DIY Pixel Lab
I'm going to assume that we already have some media that we want to play on our little LED Matrix.
Let's begin by setting up Resolume by creating a custom Advanced Output setup for our pixel map. The first thing we need to do is create a custom fixture for our LED Matrix Screen. Resolume let's you create any variation of layouts using its Fixture Editor.
Inside Resolume, click on Application, and select Fixture Editor:
The Fixture editor is split into 3 panes:
A list of all your Fixtures, you can add and remove them at will, rename them etc
This pane allows you to set parameters for the fixture you are editing. Things like what kind of channels it will have, the width and height of your fixture, its direction, colour space etc
A visual and numerical representation of the fixture we create
Our 14 x 14 pixel matrix has a total 196 pixels. If you remember from earlier how many channels a single DMX Universe has, you will note that we can not fit this matrix into 1 DMX universe. We can only fit 170 pixels worth of RGB data into 512 bytes!
So we have to create 2 fixtures that split the panel into 2 sections. For simplicity, we are going to create 2 fixture that are the left and right parts of the matrix. We will then use these fixture in 2 universes. The driver device will be tasked with compiling the DMX data from both universes and appropriately rendering it to the LEDs. Don't worry, we will cover this later.
Above is the physical layout of all the pixels on our 14x14 matrix.
We will create 2 fixtures called "14x14_LEFT" and "14x14 _Right". Note they will differ only in the "distribution" attribute.
Clicking on the "+" button in the Fixtures panel, creates a new fixture for us. Scroll down to it on the left pane and double click on it to rename it. I have named it "14x14_LEFT"
Lets go over the Fixture Parameters for this fixture.
Width & Height
This allows us to set the width and height of the fixture. We will set this one to 7 pixels wide by 14 pixels tall.
The color space attribute tells Resolume how to organise each pixel's color data and in what order the colors appear. Our pixels have RGB leds inside BUT, and this is a big BUT, the actual order the LEDs translate the data sent to them can vary from pixel models.
For simplicity I will be using RGB and filtering the actual layout of data in the Driver Device later on. Note that you could also drive pixels that are RBGW (white) or just White. There are a tons of different configurations to choose from.
We can leave this as is at 2.5
Probably the most important attribute, this tells Resolume the physical placement of each pixel. Our panel is oriented so that the 1st pixel is at the bottom left corner, data then flows up, turns RIGHT to the next row, DOWN, then RIGHT then UP etc as indicated by the icon we have selected.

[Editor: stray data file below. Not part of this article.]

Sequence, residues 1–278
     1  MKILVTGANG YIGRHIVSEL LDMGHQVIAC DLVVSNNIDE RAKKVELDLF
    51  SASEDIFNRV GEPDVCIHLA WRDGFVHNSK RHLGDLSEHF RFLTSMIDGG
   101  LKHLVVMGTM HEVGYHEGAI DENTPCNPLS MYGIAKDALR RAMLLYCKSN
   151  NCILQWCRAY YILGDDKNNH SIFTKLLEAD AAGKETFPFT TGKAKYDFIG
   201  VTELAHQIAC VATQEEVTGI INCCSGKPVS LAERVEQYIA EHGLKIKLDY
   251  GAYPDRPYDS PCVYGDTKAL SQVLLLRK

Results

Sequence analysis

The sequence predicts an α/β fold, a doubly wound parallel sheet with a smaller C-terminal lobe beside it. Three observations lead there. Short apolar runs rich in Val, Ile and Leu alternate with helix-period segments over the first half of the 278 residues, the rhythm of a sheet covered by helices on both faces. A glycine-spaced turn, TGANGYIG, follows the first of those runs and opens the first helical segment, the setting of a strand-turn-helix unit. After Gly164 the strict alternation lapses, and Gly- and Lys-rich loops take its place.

Now create a second fixture, you can do it quickly by RIGHT CLICKING on the current fixture "14x14_LEFT" and selecting DUPLICATE. Then rename it to "14x14_RIGHT"
This fixture's parameters are the same, BUT we need to change the Distribution as this part of the panel starts at the top!
Now that we have our custom Fixtures set up, click Close to save them!
The next step is to insert them into the Advanced Output system of Resolume, adjust the virtual mapping and position over your actual media.
Back in the main window of Resolume, click on the Output Menu and select Advanced
Click on the PRESETS menu at the top LEFT and click on NEW to get the same blank layout. Note the colour gradient I have in the screenshot is the media I have selected. Its a simple shader called "Gradient" that is included within Resolume.
Next we need to Add a new "DMX Lumiverse". Resolume treats a Lumiverse as 1 DMX Universe with a unique DMX Universe ID and Subnet ID. Each Lumiverse can have a maximum of 512 channels, just like a regular DMX Universe. Click on the big "+" icon on the top left and select "DMX Lumiverse"
Next we need to remove the "Screen 1" section from the layout. We are setting up a DMX output only system and don't need anything other outputs for this demo. Click on "Screen 1" and click on the "X" to remove it from the layout. You will be left with "Lumiverse 1".
Duplicate this Lumiverse by Right Clicking on it and selecting Duplicate. Now we must make sure we have the correct fixtures in each Lumiverse. By Default, when you create a new Lumiverse it adds whatever fixture you were last working with. So if it's not the correct one, click on it on the left panel and select the correct one form the drop down on the bottom right.
Our advanced output layout will have 2 lumiverses. Lumiverse 1 will have "14x14_LEFT" and Lumiverse 2 will have "14x14_RIGHT"
In the Center panel you can click on any fixture and move it around to position it onto the screen in any way you like. The screencap above has the 2 fixtures split so you can see what I'm doing. We need to do 2 things. Push them together and resize them to scale.
Let's talk about scale. As you can see above, the fixtures are inserted as equal squares. But these specific fixtures are more rectangular as they are 7px wide and 14px tall. Lets click on the Left Fixture and adjust it using the Width and Height attributes on the right panel.
For ease and visibility we will say that 1 LED pixels is equal to 50PX on the screen of your computer. So that the left fixture will have a width of 7x50=350px and a height of 14x50=700px
We set the same atributes for the right fixture and then push them together.
We have created a virtual Pixel Map for our panel. Now save your layout. Click on the PRESETS drop down at the top left and select SAVE AS. Name it "14 x 14 Panel".
Back to universe IDS, we now need to assign each fixture to their appropriate universe so that the driver device can work out what universe is meant to be rendered into what part of the panel.